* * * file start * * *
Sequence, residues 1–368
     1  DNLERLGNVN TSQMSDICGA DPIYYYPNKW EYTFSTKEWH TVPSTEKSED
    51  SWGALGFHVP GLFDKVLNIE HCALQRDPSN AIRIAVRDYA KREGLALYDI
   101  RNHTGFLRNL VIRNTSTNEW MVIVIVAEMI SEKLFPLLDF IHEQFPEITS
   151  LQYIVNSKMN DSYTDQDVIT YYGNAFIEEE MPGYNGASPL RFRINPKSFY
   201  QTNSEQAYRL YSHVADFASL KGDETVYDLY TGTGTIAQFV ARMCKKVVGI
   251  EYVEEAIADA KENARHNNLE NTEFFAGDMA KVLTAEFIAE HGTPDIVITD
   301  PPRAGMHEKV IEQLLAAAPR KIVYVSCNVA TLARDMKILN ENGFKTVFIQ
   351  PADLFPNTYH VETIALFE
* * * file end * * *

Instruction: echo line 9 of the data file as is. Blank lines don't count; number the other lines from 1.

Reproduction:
   351  PADLFPNTYH VETIALFE